Still it's really cool. And, I think, legit.

most definitely a fake; scenes are all cut up. angle of entry does not seem to be great enough to produce the centripetal force to overcome the gravitational force. If SLS was even going 180 mph it would fall most certainly fall to the ground. But it's fun to watch. Thanks for the analysis.

The Mercedes commercial is certainly within the realm of possibility; one thing that makes me think it's real is that there are ramps to curve where the tunnel meets the pavement - which NEED to be there.

HOWEVER, there are people and vehicles standing all over the roadway; if anything went wrong, many would be killed. This makes me think the actual video is fake.

By Justin Case (not verified) on 24 Jul 2010 #permalink

There is a curb on each side of the road bed. Also there appears to be a conduit box that sticks out that the lights are set into running the full length of the tunnel at the top of the wall. The walls also appear to be fairly straight vertical, not curved. So... driving over a curb at high speed at a 15Â° angle (without peeling your tires off), losing all of your horizontal momentum on contact with the base of the wall and somehow managing to climb up the rest of the way, plowing through or over the light conduit, and then doing the same thing on the way down again. Not likely. It is fun to think these things through though.

By Mr. Practical (not verified) on 30 Aug 2010 #permalink

Lady Di tried the same thing...

By Trolly Mcgeek (not verified) on 25 Sep 2010 #permalink

The physics of a roll are good, amusement park roller coasters do it all the time. However, I don't think this was done exactly as depicted.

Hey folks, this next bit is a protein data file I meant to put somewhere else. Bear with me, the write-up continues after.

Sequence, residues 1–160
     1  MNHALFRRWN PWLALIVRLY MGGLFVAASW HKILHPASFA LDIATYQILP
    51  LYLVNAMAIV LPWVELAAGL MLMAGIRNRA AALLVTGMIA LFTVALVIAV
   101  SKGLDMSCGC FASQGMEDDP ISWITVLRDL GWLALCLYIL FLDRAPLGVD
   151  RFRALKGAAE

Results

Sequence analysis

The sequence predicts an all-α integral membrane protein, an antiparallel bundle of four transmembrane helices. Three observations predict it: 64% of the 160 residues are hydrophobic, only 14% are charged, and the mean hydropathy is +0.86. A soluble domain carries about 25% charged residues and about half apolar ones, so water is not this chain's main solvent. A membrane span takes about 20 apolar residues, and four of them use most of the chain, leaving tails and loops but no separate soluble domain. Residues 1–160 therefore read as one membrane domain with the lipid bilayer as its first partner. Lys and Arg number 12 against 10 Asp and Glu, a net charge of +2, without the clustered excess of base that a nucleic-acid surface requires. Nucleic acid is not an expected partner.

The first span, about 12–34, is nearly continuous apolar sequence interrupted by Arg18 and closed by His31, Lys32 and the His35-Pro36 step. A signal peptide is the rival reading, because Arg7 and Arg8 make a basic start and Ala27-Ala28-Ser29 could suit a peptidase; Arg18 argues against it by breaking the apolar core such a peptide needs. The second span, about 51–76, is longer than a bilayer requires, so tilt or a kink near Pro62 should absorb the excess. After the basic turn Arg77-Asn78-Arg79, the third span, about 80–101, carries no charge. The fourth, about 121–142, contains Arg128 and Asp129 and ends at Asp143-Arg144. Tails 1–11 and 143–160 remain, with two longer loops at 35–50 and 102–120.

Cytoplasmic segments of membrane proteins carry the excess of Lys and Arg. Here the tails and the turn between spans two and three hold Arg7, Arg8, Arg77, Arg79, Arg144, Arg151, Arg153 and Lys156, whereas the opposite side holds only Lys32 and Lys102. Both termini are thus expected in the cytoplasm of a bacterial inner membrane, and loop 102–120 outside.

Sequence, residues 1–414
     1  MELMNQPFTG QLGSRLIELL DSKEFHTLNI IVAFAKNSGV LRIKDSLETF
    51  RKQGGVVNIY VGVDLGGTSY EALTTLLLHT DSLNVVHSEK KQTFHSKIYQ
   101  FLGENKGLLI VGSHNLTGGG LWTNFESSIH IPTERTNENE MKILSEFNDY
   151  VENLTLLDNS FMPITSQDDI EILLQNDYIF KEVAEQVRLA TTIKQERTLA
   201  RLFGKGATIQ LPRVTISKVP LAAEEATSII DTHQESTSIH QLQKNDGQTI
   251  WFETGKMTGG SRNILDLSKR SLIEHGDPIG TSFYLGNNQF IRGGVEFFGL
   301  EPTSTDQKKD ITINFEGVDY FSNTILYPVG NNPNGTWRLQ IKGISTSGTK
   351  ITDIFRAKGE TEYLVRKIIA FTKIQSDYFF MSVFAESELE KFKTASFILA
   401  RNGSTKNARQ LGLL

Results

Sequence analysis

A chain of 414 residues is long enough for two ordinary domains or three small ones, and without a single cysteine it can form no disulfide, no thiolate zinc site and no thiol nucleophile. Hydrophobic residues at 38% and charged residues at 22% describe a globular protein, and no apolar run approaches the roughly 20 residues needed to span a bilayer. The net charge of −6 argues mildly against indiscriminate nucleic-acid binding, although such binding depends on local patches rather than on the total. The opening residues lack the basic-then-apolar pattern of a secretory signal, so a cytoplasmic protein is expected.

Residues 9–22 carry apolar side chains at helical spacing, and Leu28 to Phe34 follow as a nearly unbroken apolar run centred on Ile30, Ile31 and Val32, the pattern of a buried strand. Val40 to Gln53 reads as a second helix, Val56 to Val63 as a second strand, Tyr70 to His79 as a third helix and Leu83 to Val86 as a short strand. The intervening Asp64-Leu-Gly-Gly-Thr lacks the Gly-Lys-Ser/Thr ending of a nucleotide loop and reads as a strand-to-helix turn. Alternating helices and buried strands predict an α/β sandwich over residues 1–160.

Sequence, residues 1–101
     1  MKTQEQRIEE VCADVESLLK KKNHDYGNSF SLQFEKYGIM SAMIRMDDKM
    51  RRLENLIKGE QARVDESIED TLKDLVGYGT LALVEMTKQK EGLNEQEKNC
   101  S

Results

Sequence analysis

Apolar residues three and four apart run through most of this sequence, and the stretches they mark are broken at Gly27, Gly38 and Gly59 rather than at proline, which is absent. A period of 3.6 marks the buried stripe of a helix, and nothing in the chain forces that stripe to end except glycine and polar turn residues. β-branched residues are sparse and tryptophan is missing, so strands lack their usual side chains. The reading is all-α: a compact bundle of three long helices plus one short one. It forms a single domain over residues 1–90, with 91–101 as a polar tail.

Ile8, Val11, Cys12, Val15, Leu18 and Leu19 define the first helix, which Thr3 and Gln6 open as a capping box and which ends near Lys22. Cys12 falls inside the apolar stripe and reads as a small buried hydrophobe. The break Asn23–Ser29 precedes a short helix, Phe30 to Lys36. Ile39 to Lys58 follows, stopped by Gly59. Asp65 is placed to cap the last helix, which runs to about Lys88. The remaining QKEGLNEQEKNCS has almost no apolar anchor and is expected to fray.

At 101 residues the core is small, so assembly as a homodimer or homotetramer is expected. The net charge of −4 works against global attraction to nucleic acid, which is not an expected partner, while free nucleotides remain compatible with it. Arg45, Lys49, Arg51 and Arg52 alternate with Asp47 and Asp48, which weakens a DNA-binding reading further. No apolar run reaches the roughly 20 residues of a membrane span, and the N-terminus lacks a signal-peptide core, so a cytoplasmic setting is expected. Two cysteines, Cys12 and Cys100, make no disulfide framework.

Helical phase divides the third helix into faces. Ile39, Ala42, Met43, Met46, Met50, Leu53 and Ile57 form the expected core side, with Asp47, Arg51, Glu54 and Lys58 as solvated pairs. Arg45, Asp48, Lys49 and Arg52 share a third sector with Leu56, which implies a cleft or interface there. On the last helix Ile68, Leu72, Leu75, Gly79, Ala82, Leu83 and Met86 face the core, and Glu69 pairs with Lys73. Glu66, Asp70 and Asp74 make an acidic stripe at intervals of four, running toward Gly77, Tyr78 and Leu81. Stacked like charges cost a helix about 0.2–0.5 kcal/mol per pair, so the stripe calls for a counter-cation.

1. Firemen, onlookers and vehicles in the roadway were probably photoshopped post-production.
2. The film was sped up to make the car appear to be going faster, so velocity calculations based on the time between markers are invalid. Likewise the tangential velocity calculations.
3. Distance markers probably were 25 meters apart, but the apparent spacing was foreshortened by using a long lens. You can tell they used a long lens by looking at the screen shot of the side wall with the ramp: if the camera was as close to the ramp as it appeared, it would have been run over. Plus, you can't see it in the long shot. Related to this,
4. You can see additional foreshortening in the long shot where the car is at the top of the tunnel. The lighting rack was removed in the section at the transition from side wall to ceiling, the foreshortening makes it appear to be right at the ramp.

By John Becker (not verified) on 09 Nov 2010 #permalink

Good logic, but keep running with it:

You're worried about 260 mph being too ridiculous a speed (and I think you're right - you'd have to hit that apparently fairly small ramp at exactly the right angle or you'd simply shoot down the middle of the tunnel upside-down in mid-air. At that speed I don't like your chances of hitting the angle just right.)